its an imperfect simplification, I agree, but trying out a few different simplifications is very useful for coming up with perspective. The way to approach such ‘models’ is to first suspend disbelief and go along with the story so as to give it a chance, and then apply the disbelief again to keep oneself honest.

Mind you, I am not particularly wedded to this perspective. Its a genuine puzzle to me as to what is driving the mental health decline and none of the perspectives I have come up with hit all the important stylised facts. Neither has anyone else, as far as I know, which makes it useful to bash a few ideas around.

conrad
conrad
8 years ago
Reply to  Paul Frijters

Paul, there are exceptionally complicated stories backed up by reams of data for different mental health disorders and why they exist (some good, some average, and some bad). They arn’t the same and nor is their bases, and it’s not clear to me why reducing it into what you have really does apart from make simplistic predictions. For example, I haven’t heard anyone claiming low self-esteem and not fitting in causes schizophrenia or autism. Good luck finding data that shows it does. You can also find groups within populations with fine self esteem, but still have mental health problems (and obesity, which you have lumped into this group), so even if self-esteem is involved, there must be lots of interactions going on.

For example, according to your story, we should find nice relationships between individualism and mental health, but then you even note that we don’t. If you want data to make real predictions for this, on this, you could do worse than look at some of the work by Yoshi Kashima over at Melbourne who has collected norms on different countries on individualism and collectivism (and relationional stuff which you have entirely ignored but is no doubt important in some disorders). It’s also the case many people don’t consider them two ends of a single factor, and that should give some underlying support to some of the things you’ve noticed here. I’m willing to bet that the data on many mental health disorders is exceptionally weak even after taking these things into account, however.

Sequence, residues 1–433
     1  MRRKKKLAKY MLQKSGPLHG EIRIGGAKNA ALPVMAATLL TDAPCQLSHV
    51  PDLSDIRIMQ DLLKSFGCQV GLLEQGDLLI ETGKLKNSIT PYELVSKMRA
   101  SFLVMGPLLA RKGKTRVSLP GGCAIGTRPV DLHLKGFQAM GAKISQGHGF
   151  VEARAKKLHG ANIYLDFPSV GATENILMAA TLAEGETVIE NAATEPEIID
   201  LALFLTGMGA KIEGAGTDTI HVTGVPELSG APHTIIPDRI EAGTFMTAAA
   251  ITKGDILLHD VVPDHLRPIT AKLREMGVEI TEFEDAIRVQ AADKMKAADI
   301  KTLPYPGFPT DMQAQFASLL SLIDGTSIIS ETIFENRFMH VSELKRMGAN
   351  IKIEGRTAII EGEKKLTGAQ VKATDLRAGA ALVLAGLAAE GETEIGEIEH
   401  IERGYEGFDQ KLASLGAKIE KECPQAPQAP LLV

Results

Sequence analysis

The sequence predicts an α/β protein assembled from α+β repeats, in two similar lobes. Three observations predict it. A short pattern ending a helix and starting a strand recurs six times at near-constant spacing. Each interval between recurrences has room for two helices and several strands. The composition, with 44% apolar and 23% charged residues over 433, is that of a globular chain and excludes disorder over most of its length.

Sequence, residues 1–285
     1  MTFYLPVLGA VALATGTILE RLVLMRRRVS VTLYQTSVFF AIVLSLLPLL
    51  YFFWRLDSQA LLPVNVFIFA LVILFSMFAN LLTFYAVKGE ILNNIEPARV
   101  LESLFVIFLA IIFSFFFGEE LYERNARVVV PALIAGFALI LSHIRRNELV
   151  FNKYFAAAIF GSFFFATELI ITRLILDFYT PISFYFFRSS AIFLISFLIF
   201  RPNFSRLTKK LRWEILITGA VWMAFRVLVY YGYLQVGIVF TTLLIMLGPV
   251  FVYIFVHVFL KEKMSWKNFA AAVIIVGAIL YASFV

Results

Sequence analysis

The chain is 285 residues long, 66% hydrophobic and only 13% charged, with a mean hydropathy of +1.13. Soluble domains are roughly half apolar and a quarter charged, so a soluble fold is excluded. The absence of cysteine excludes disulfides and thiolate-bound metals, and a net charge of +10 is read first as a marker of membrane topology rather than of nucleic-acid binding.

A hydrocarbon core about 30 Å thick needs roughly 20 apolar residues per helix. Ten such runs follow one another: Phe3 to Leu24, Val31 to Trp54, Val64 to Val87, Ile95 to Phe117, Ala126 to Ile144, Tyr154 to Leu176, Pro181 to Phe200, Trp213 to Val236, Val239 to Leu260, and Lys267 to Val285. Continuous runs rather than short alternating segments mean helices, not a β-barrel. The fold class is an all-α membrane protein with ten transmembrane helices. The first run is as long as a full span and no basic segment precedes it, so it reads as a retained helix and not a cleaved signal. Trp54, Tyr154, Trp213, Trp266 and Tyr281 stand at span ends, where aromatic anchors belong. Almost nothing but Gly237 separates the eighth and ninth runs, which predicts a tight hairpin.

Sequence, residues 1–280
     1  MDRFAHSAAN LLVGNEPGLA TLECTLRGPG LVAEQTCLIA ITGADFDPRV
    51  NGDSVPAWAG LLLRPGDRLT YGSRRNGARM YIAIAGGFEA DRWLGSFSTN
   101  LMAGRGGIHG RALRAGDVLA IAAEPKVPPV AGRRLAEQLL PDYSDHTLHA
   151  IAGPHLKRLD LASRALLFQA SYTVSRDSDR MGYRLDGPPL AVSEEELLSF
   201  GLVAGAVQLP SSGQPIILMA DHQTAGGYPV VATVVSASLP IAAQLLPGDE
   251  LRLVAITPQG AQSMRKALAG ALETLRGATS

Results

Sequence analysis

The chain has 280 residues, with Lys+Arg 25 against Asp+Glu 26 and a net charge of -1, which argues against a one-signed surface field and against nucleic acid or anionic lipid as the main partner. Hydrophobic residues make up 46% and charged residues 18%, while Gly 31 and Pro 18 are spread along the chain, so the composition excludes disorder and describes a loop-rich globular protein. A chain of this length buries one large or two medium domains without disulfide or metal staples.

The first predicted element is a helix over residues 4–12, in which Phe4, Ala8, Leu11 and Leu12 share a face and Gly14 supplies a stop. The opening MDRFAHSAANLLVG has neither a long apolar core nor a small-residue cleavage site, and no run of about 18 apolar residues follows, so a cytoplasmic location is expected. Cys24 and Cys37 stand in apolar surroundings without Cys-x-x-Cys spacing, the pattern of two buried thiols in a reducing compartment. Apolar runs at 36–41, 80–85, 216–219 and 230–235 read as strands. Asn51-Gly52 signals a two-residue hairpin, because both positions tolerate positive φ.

conrad
conrad
8 years ago
Reply to  Paul Frijters

This is where you really need to get your head on top of the data. Depression and anxiety are well correlated with many groups. If you look at the really simple and commonly used DASS scale, for example, you get correlations around the .7 mark for the three components, and it seems reasonable to suggest that there is probably some shared basis in many cases (some probably biological — some people are just susceptible or have had stress-shocks earlier in their lives). So in my books the story should be more or less the same for a big chunk of the data for those two (although I can’t tell you what it is for the increase, apart from greater acceptance and acknowledgement).

As for obesity, given that it’s just appeared in recentish times and often represents something that happens to people across a lifetime, I still don’t see why this isn’t just a cultural thing that represents a shift in the entire weight distribution (there are also long term correlates that I believe are not well understood — don’t be a fat kid!). It’s no surprise to me that the countries with the worst problem are all “eat everything on your plate cultures”, where the food chain is almost entirely hidden so actually why one eats what is almost lost (Mexico I think is an exception, but I could be wrong). Compare that to Asia where you can often just go and get, for example, a kill-your-own chicken for dinner and people actually prefer real ingredients and not the garbage people in Anglo countries often eat. These sorts of factors seem pretty orthogonal to those for other things like depression to me (aside from the fact their cultural changes).

There is a less-than-academic talk here by someone who realizes this problem that may be amusing: http://www.ted.com/talks/ron_finley_a_guerilla_gardener_in_south_central_la.html

john r walker
john r walker(@annesanders)
8 years ago
Reply to  conrad

Condrad
Would question the ‘right angle’ hypothesis. Evidence that changes to the gut biota can have impacts on brain behavior is no longer quack stuff.
http://www.scientificamerican.com/article.cfm?id=the-neuroscience-of-gut

Remember when it was thought that personality and stress, caused stomach ulcers?

john r walker
john r walker(@annesanders)
8 years ago

Paul re India , Southern India (especially Kerala ) has very high rates of university education, we were told on a number of occasions that this in itself had caused mental health problems- the supply of graduates in things like physics et al, was much greater than demand so a lot of graduates end up being, depressed taxi drivers and waiters… unable to move out of the family home or marry somebody of the appropriate class .

Anomie, alienation ,anxiety type issues and so on, have their origins in second half 19C French and Russian literature . For example Madame Bovary’s tragic tale centers on her new found access to ‘literature’ that educated her in dreams of a phantasy version of sophisticated modern life.

Mind I would still plump for a highly processed artificial diet, causing physiological changes that then result in depression type 2 diabetes and obesity.

john r walker
john r walker(@annesanders)
8 years ago

Should have said -Anomie, alienation ,anxiety type issues and so on as descriptive terms, have their origins in second half 19C French and Russian literature